CSID’s Andy Thomas argues that while the Internet of Things (IoT) has gained momentum over the past year, the convenience of such connectivity could come at the cost of security.
Connected cars have made the headlines this year. Vehicles have long been computerised, but only recently linked to the Internet, and some manufacturers have shown a lack of security expertise. In April, cyber-security experts revealed a software flaw in the Jeep Cherokee’s entertainment system, which allowed them to take control of the vehicle on the move using a laptop at home. The hack, which they described as “fairly easy” and “a weekend project,” enabled them to alter the vehicle’s speed, change its braking capability, and manipulate the radio and windscreen wipers.
More recently, researchers hacked a Tesla Model S – once again via the car’s entertainment system, although it took closer to a year to achieve. They were able to apply the hand brake, lock and unlock the car, and control the touch screen displays. Tesla quickly developed a fix, which has been sent to all affected vehicles.
The thought of a hacker taking control of your steering wheel is rather daunting; the idea of them hijacking your refrigerator is probably less so. However, apparently innocuous devices such as “smart fridges” and “connected toasters” warrant equal consideration, because they are a point of entry to your network. It’s like leaving a window open in your spare room: it allows access to the rest of the house, whether or not there’s anything of value in the room itself.
The recently exposed vulnerability of a Samsung smart refrigerator is a case in point: its calendar integration functionality provided hackers with access to the owner’s network and the ability to steal linked Gmail login credentials. Similarly, weaknesses in smart light bulbs have allowed hackers to obtain the passwords for the connecting Wi-Fi network as they were passed from one bulb to another.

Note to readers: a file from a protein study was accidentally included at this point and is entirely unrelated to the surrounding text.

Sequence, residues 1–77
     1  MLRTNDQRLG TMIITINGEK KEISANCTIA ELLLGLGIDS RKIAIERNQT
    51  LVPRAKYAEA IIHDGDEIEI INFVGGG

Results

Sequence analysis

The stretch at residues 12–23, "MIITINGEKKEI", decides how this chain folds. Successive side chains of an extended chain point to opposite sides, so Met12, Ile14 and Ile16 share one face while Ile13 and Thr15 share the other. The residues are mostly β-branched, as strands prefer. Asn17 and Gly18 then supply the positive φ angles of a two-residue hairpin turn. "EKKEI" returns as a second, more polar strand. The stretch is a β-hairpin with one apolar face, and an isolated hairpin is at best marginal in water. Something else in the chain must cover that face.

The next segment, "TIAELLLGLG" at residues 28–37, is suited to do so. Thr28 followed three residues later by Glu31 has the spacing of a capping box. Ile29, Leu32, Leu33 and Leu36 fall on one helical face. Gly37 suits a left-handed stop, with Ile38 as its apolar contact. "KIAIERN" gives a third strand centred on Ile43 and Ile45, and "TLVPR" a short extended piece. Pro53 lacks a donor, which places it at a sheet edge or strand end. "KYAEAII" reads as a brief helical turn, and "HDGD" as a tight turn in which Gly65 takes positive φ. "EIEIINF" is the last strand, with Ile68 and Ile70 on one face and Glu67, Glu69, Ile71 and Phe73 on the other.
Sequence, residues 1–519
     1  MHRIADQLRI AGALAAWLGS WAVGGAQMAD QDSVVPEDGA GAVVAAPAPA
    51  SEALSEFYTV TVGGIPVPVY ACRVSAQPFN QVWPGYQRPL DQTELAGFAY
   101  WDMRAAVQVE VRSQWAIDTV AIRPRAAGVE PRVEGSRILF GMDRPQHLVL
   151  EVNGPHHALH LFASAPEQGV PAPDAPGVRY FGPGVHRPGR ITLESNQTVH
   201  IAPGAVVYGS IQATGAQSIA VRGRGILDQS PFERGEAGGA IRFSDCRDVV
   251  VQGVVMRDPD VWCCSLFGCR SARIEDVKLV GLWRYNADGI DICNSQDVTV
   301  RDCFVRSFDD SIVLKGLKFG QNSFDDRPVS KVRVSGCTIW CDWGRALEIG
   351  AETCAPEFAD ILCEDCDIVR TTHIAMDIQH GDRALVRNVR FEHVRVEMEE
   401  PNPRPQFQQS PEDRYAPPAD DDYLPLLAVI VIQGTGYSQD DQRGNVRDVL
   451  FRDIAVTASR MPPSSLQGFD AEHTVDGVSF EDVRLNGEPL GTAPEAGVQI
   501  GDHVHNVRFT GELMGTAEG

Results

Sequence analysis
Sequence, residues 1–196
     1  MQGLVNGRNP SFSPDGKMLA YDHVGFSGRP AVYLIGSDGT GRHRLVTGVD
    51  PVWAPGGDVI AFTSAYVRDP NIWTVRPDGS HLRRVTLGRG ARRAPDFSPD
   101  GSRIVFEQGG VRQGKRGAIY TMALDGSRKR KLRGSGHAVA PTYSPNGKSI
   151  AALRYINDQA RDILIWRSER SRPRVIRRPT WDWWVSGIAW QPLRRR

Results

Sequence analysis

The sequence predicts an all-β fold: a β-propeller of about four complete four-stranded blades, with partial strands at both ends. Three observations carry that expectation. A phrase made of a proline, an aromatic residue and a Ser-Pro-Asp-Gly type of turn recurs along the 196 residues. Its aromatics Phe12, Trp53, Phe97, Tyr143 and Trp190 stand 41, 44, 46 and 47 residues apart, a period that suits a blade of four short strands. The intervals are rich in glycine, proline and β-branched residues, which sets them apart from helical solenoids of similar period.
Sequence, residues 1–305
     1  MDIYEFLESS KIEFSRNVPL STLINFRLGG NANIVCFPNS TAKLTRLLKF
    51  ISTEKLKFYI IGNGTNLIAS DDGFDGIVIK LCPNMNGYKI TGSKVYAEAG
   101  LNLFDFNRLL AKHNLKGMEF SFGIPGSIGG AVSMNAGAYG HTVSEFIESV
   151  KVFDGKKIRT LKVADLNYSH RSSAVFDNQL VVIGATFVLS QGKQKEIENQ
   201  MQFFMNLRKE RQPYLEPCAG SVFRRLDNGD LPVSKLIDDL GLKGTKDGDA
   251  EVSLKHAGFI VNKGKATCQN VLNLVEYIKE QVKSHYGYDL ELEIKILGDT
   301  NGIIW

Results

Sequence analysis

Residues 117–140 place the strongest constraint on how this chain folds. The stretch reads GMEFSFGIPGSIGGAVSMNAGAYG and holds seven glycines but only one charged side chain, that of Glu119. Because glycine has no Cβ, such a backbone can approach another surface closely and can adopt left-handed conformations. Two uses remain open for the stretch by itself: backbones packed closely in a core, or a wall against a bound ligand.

Meanwhile, there are plenty of unfounded security fears around things like smart medical devices. In fact, most use Bluetooth; they aren’t connected to the Internet at all. Generally speaking, they’re too small to incorporate a phone connection, and consumer concerns over phone transmitters in the body restrict development of the technology. Pacemaker hacking is highly unlikely at present.
The majority of smart watches don’t connect directly to the Internet, either. HP has found major areas of concern in many smart watches, including insufficiently robust authentication, vulnerability to man-in-the-middle attacks, and poor firmware updates. However, the real weakness is the mobile phone the wearable links to, which holds vastly more personal data and exhibits many of the same vulnerabilities.
Certain wearables are a problem, due to the information they hold. For example, some music festivals allow participants to load their wristband pass with credit card information. Simply holding the wristband up to the vendor’s reader pays for drinks, food and merchandising. It sounds cool and convenient, but lose the wristband, or sell it at the exit, and the new owner has only to crack the wristband’s four-digit PIN to gain access to the credit card information.
Wearable technology risks
Wearables, particularly fitness trackers, have taken off in the last few years. Figures for 2015 show that 14 percent of UK adults own a wearable device or smart watch (compared to 63 percent who own a smartphone or tablet), and the market for fitness devices and apps has doubled in the past year. All this wearable tech creates new opportunities for collecting private data, and Symantec threat researcher, Candid Wueest, believes that developers of wearable devices are not prioritising security and privacy. His research found some devices sending data to a staggering 14 IP addresses; and at a Black Hat demonstration, he identified six Jawbone and Fitbit users in the audience, and specific details about their movements – down to the time they left or entered the room.
In short, the IoT is here, but before placing an order for a fancy new fitness tracker or that swanky smart-fridge – or sensors for your business, take a moment to consider these points:
Prioritise security – Back up data as you would with any other tech device. Too many people don’t back up regularly until they lose their photos/tax returns in a hard drive crash.
Be aware – Read reviews and technical documents. Ensure you know what a device does, how it is secured, and how to minimise opportunities for others to misuse its data. Look for wearables with remote-lock capabilities, so that you can lock or erase data if they’re stolen; and always protect your devices with a password, or biometric authentication if possible.
Andy Thomas is Managing Director of CSID Europe